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Old 04-24-2003, 07:21 PM
Hail Ants is offline
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'Good evening ladies & germs' - WTH?!?


Does this ancient, cliched, Catskill comic opening line actually mean anything? Is there any double entendré implied with the word 'germs'? Or is it just a simple (and dumb) substitution for gentlemen?
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Old 04-24-2003, 07:24 PM
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I've heard other variants of it (always substituting another word with a soft 'g'); I think it is just a catch-the-audience-by-surprise-warm-up thing.
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Old 04-24-2003, 10:03 PM
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Far as I know, it's just something silly along the lines of

Good evening ladles and jellyspoons!
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Old 04-24-2003, 10:51 PM
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IIRC, back in the 60's there was a popular insult comic by the name of Jack E. Leonard who used the line quite a bit on TV.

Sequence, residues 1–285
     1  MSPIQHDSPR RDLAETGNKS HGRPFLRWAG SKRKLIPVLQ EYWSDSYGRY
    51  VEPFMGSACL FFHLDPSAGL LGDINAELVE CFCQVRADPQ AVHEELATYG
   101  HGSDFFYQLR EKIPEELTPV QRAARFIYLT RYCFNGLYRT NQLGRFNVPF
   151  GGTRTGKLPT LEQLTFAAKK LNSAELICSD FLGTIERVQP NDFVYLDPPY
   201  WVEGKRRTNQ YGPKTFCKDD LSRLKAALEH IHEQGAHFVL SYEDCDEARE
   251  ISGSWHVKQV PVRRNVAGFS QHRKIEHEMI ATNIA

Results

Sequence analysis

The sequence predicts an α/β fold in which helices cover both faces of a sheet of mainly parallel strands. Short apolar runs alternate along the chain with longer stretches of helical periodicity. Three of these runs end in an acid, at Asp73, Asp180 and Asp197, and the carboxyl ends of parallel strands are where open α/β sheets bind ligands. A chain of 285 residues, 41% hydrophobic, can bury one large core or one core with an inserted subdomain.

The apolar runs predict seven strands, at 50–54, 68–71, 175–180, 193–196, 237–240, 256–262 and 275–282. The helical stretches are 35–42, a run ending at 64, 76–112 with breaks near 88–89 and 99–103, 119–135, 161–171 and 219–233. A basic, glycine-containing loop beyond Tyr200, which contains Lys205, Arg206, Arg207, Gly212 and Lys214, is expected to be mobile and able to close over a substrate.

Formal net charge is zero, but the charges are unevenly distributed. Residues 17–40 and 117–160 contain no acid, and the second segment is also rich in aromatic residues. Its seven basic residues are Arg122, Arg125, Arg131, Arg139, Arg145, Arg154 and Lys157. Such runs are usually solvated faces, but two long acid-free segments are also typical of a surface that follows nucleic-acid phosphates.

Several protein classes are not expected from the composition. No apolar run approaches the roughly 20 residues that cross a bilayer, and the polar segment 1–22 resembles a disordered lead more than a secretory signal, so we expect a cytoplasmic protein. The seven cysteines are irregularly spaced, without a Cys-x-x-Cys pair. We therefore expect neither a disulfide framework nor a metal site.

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Old 04-24-2003, 11:06 PM
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Actually, it was Milton Berle, though others may have stolen his material:
Quote:
"Good evening, ladies and germs," Berle would say to the audience. "I mean ladies and gentlemen. I call you ladies and gentlemen, but you know what you really are."
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Old 04-24-2003, 11:08 PM
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Ladles and Jellyspoons;

I come before you to stand behind you, to tell you something I know nothing about. Next Thursday, which is Good Friday, there will be a mother's meeting for fathers only. Admission is free, you can pay at the door; pull up a chair and sit on the floor. Now gather around and I'll tell you the fable of the four square corners on the round table.

A speech I had learned in Cub Scouts mumbledy-mumble years ago, typed completely from memory. Now if I could just remember where I left my spare glasses.
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Old 04-24-2003, 11:59 PM
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Could Ladles and Jellyspoons have come from 1948? According to that site, the "poem" was sighted in:
Quote:
A Rocket In My Pocket: The Rhymes & Chants of Young Americans (edited by Carl Withers and illustrated by Sussanne Suba). The first edition was published by Henry Holt in 1948, but it was subsequently published in shortened form titled Favorite Rhymes from A Rocket in My Pocket by Scholastic in 1967 and 1990.
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